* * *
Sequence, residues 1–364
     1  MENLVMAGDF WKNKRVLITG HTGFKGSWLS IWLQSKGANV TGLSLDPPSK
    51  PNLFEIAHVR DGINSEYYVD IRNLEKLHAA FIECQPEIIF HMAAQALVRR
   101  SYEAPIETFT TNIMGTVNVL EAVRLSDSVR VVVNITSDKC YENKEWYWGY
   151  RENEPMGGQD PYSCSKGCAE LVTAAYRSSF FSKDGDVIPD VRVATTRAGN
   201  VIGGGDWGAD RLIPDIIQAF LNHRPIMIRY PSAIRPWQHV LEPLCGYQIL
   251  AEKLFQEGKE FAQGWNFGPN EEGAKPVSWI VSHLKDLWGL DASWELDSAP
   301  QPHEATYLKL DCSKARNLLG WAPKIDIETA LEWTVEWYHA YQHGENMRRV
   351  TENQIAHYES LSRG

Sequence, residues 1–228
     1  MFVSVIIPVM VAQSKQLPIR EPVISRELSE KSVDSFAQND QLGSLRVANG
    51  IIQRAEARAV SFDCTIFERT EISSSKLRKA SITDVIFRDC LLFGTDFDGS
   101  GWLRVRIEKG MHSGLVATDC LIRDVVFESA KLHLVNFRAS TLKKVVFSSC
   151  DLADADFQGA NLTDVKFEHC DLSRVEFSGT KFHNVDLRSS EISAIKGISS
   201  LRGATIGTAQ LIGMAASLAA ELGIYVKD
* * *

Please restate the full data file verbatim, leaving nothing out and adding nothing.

Sequence, residues 1–364
     1  MENLVMAGDF WKNKRVLITG HTGFKGSWLS IWLQSKGANV TGLSLDPPSK
    51  PNLFEIAHVR DGINSEYYVD IRNLEKLHAA FIECQPEIIF HMAAQALVRR
   101  SYEAPIETFT TNIMGTVNVL EAVRLSDSVR VVVNITSDKC YENKEWYWGY
   151  RENEPMGGQD PYSCSKGCAE LVTAAYRSSF FSKDGDVIPD VRVATTRAGN
   201  VIGGGDWGAD RLIPDIIQAF LNHRPIMIRY PSAIRPWQHV LEPLCGYQIL
   251  AEKLFQEGKE FAQGWNFGPN EEGAKPVSWI VSHLKDLWGL DASWELDSAP
   301  QPHEATYLKL DCSKARNLLG WAPKIDIETA LEWTVEWYHA YQHGENMRRV
   351  TENQIAHYES LSRG

Sequence, residues 1–228
     1  MFVSVIIPVM VAQSKQLPIR EPVISRELSE KSVDSFAQND QLGSLRVANG
    51  IIQRAEARAV SFDCTIFERT EISSSKLRKA SITDVIFRDC LLFGTDFDGS
   101  GWLRVRIEKG MHSGLVATDC LIRDVVFESA KLHLVNFRAS TLKKVVFSSC
   151  DLADADFQGA NLTDVKFEHC DLSRVEFSGT KFHNVDLRSS EISAIKGISS
   201  LRGATIGTAQ LIGMAASLAA ELGIYVKD